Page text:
Two sides to the story: adolescent and parent views on harmful intention in defining school bullying

Thomas, Hannah J., Connor, Jason P., Baguley, Chantelle M. and Scott, James G. (2016) Two sides to the story: adolescent and parent views on harmful intention in defining school bullying. Aggressive Behavior, 43 4: 352-363. doi:10.1002/ab.21694


Author Thomas, Hannah J.
Connor, Jason P.
Baguley, Chantelle M.
Scott, James G.
Title Two sides to the story: adolescent and parent views on harmful intention in defining school bullying
Journal name Aggressive Behavior   Check publisher's open access policy
ISSN 1098-2337
0096-140X
Publication date 2016-12-20
Sub-type Article (original research)
DOI 10.1002/ab.21694
Open Access Status Not yet assessed
Volume 43
Issue 4
Start page 352
End page 363
Total pages 12
Place of publication Hoboken, NJ, United States
Publisher John Wiley & Sons
Collection year 2017
Language eng
Formatted abstract
Bullying is defined as repeated negative actions involving a power differential, and intention to harm. There is limited research on harmful intention as a definitional component. This study explored the role of the perpetrator's harmful intention and the target's perception of harmful intention. Some 209 students (M = 14.5 years; 66.5% female) and 447 parents (M = 46.4 years; 86.4% female) were randomly assigned in an online survey. Participants assessed the likelihood of bullying in five hypothetical scenarios (physical, verbal, rumor, exclusion, and cyber) across five intention conditions, that also involved repetition and a power differential. The five intention conditions were: 1) harm intended by perpetrator (I) and perceived as intended to harm by target (I) [II condition]; 2) harm not intended by perpetrator (N) but perceived as intended to harm by target (I) [NI condition]; 3) harm intended by perpetrator (I) but not perceived as intended to harm by target (N) [IN condition]; 4) harm not intended by perpetrator (N) and not perceived as intended to harm by target N [NN condition]; and 5) a control which did not state any actual or perceived harmful intention [C condition]. For students and parents, the perpetrator's harmful intention and the target's perception of harmful intention were important when considering whether a peer interaction constituted bullying. These findings confirm the applicability of the three-part definition of bullying, and highlight the importance of assessing these two dimensions of harmful intention when determining whether a problematic peer interaction should be regarded as bullying.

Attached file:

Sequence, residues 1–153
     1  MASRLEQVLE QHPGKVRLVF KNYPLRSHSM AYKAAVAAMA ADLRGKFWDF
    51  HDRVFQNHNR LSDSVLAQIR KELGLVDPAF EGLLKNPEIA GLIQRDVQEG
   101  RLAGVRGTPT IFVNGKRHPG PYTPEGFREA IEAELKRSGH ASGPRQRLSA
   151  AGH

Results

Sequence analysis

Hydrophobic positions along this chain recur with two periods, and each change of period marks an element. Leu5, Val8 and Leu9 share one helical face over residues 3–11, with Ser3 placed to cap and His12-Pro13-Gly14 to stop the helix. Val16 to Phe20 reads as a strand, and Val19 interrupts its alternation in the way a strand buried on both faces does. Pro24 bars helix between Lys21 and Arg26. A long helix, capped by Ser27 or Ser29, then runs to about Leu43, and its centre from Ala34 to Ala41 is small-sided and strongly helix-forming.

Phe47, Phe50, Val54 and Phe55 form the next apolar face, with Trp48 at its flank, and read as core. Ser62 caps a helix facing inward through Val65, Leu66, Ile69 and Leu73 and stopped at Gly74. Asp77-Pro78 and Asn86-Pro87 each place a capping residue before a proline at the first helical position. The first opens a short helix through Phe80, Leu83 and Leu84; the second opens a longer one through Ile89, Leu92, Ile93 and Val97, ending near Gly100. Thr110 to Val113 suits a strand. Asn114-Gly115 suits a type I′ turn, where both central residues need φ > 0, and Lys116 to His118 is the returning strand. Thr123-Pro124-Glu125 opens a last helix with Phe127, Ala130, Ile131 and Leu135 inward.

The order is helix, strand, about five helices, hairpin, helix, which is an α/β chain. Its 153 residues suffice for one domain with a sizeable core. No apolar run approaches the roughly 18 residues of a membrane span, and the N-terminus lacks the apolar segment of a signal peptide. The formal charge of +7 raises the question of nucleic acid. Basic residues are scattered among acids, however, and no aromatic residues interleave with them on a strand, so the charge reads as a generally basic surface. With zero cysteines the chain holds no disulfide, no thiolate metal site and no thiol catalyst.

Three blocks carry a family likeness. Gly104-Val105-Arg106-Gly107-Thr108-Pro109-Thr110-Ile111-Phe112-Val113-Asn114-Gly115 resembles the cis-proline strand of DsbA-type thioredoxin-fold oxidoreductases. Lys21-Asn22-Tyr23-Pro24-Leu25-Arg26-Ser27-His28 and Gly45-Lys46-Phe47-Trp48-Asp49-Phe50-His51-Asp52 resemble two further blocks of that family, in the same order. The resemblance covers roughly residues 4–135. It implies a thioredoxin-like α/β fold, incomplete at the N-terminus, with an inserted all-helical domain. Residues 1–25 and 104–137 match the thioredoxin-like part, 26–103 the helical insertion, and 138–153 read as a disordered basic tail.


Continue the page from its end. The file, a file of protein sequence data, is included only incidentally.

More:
Keyword Bullying
Cyberbullying
Harmful intention
Definition
Adolescents
Parents
Q-Index Code C1
Q-Index Status Provisional Code
Institutional Status UQ

 
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Created: Wed, 21 Dec 2016, 19:43:11 EST by Hannah Jane Thomas on behalf of UQ Centre for Clinical Research